Remembering Psycho: The blade, the shower, and the chocolate syrup


“We all go a little mad sometimes.”

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Sixty years ago, the grand meister of macabre introduced to audiences a rather extreme example of Oedipus Complex via a rather disturbing film that makes gives a whole new complexity to the word “shower”.

The year was 1960. And people have already seen grand epics in Technicolor.   A year before, a faux biohistory of a man named Judah Ben Hur was brought to life by the peerless Charlton Heston.  A good two decades before, Clark Gable and Vivien Leigh engaged the audience in the will-they-won’t-they-my-Gawd-he-finally-left-her tale, that grand cinematic tribute to the lost values of the American South, Gone with the Wind.

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Audiences were jaded, wanted something new.

There was nothing new about Psycho, technical wise. 

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In fact, it was thought to be a step down as director Alfred Hitchcock, according to legend, decided to go black-and-white because he was not satisfied with the way red food coloring would look drip-drip-dripping on the kitchen knife’s blade the way chocolate syrup does (the official reason was not as romantic – crew was working on a tight budget).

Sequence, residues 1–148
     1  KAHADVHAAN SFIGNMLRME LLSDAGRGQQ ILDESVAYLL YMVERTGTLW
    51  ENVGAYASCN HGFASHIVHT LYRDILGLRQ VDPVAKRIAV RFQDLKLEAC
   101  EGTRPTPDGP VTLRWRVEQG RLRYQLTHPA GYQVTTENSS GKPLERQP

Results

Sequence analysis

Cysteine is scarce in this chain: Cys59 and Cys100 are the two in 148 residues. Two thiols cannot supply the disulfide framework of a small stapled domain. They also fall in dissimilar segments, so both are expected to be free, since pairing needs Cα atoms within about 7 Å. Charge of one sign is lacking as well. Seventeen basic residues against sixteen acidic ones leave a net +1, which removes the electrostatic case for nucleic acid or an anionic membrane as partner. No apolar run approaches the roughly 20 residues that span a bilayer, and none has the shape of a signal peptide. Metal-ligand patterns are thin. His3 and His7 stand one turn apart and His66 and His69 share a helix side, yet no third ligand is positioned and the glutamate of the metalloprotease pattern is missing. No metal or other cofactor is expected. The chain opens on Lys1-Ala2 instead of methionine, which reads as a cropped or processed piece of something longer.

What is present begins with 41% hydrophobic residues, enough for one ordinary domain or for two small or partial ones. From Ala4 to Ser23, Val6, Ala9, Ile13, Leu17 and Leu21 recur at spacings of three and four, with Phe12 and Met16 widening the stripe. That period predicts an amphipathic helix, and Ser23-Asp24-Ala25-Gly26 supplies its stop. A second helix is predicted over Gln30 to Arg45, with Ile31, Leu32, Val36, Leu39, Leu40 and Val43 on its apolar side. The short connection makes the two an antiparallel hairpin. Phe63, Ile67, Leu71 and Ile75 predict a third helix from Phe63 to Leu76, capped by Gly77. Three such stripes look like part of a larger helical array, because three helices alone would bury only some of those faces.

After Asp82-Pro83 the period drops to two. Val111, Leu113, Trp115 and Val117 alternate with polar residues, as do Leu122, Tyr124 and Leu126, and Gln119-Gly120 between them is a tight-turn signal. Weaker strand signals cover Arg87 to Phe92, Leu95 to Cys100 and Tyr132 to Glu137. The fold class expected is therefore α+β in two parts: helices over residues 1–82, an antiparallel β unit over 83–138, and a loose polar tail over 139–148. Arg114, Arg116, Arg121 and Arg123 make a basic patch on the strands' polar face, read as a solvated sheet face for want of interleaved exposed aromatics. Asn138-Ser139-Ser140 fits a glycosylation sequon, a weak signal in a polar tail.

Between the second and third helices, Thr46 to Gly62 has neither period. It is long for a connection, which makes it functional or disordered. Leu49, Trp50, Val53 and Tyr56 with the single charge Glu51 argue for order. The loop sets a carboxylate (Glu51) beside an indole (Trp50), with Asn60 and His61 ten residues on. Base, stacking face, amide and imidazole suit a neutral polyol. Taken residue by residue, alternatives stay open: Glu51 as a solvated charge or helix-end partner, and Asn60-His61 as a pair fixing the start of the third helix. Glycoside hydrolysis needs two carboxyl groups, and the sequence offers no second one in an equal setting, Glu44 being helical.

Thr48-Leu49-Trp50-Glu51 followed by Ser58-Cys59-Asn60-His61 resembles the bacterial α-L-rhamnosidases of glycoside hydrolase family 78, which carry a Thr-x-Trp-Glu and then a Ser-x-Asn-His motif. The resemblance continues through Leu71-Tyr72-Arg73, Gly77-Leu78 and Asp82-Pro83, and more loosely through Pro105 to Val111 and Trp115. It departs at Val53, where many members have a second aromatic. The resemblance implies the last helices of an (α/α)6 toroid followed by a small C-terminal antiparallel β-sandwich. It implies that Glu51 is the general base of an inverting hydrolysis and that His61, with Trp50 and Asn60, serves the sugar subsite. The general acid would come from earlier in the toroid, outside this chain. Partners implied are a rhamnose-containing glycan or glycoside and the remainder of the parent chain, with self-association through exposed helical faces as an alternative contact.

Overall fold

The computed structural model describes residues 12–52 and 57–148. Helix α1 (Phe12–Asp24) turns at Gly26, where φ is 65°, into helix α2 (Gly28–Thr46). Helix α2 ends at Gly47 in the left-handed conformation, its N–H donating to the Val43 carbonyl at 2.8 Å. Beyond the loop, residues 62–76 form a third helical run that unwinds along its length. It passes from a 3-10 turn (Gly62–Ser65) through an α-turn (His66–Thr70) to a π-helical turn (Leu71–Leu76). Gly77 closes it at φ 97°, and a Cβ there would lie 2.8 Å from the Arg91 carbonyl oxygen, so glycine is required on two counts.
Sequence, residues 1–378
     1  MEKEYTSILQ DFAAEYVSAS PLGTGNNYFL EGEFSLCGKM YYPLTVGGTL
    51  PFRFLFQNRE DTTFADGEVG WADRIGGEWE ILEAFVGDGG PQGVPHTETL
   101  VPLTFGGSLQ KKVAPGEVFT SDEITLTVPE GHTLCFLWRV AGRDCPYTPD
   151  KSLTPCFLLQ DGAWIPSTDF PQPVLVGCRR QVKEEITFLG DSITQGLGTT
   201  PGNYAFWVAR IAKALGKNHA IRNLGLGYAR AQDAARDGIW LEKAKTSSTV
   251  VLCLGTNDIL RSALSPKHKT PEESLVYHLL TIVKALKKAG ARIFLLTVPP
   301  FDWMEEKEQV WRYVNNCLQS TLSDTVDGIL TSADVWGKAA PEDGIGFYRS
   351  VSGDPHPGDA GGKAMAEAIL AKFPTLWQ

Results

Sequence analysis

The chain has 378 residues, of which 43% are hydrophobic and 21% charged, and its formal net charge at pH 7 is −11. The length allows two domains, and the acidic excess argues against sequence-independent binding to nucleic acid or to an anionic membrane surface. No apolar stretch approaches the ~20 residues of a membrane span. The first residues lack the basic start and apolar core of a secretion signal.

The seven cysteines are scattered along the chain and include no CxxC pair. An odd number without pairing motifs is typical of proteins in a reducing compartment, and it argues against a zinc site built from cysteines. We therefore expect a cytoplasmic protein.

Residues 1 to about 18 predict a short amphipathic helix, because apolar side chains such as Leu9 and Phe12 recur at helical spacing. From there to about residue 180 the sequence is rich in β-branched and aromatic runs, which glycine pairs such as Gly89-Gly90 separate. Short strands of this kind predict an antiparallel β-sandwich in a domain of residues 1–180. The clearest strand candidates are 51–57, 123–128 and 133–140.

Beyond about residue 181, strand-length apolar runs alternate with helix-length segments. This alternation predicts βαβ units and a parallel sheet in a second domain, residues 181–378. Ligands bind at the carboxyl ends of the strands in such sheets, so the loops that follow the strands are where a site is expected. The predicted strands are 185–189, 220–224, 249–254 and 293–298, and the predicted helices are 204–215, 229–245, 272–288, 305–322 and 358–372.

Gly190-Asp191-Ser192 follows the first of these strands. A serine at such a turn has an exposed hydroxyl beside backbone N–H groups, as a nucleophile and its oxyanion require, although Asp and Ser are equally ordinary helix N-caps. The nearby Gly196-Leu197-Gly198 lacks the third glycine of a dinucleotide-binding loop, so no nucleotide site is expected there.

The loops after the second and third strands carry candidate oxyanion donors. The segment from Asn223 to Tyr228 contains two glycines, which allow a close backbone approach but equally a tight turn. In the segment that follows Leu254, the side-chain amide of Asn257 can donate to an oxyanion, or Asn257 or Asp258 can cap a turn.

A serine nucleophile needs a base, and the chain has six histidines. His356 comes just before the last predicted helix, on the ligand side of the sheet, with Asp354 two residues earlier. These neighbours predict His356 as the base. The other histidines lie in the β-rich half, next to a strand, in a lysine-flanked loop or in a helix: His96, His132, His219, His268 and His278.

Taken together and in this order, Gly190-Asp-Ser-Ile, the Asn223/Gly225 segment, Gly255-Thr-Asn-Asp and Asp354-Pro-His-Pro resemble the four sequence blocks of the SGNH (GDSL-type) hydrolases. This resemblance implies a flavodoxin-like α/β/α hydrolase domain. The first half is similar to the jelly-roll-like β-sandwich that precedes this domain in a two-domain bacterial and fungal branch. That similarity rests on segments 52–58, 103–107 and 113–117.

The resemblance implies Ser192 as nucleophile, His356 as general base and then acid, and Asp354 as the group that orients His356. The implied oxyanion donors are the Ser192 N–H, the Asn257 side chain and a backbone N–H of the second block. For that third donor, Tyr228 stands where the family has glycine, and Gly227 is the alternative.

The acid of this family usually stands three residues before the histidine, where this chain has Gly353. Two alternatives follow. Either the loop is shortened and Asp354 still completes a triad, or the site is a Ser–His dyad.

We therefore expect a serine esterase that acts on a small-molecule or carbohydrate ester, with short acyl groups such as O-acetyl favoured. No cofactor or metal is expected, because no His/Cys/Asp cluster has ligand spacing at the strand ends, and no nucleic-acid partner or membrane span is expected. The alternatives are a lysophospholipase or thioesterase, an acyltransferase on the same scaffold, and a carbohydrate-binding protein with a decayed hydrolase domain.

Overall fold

Plus, what the audience thought as the main character – Marion Crane, played by Janet Leigh, who later on gave birth to another Scream Queen, Jamie Lee Curtis – was killed off 40 minutes into the film.

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The discordant soundtrack, the death of  (what was supposed to be) the heroine, the rather disturbing relationship between Norman and his mother, and the really low death count (tame by slasher standards) would not have worked.

But it did.

And now Psycho remains relevant and unmatched, and has become a textbook example of how horror – stripped of its schlock, and gore – can still work if done correctly through atmosphere build-up, and a really relatable character. Anthony Perkins did not have the godly movie star looks of contemporaries Paul Newman, and Cary Grant, nor the oozing machismo of Sean Connery (Bond, James Bond), John Wayne, and the King of Sexy Squints Clint Eastwood.

Perkins instead has the relatable charm of the every man.  Wispy, geeky, his Norman seems like your prom partner who is ready to piss his pants when meeting your parents.  He seems like your shy next-door-neighbor who goes to your doorstep furiously blushing to ask for a cup of sugar as they have ran out.

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He was likeable, dorky, but you can sense there is something quite odd, off about the way he acts, like his niceness is all demeanor, all put on.

And the audience was shocked to learn why.

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With the advent of gorefests like Hostel, and Saw, and Psycho’s spiritual, and thematic siblings – Identity, No Vacancy, Friday the 13th, even Fight Club — audiences are becoming harder and harder to scare (that yolky eye bit in Eli Roth’s masterpiece takes a little more time to shake off than most).

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Still, we are blessed with films like Psycho which through the deft hands of a true master, rises above the conventions of its genre.

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Which is why the film, 60 years later, never fails to shock, and its tropes and themes leaving an indelible mark in modern cinema.

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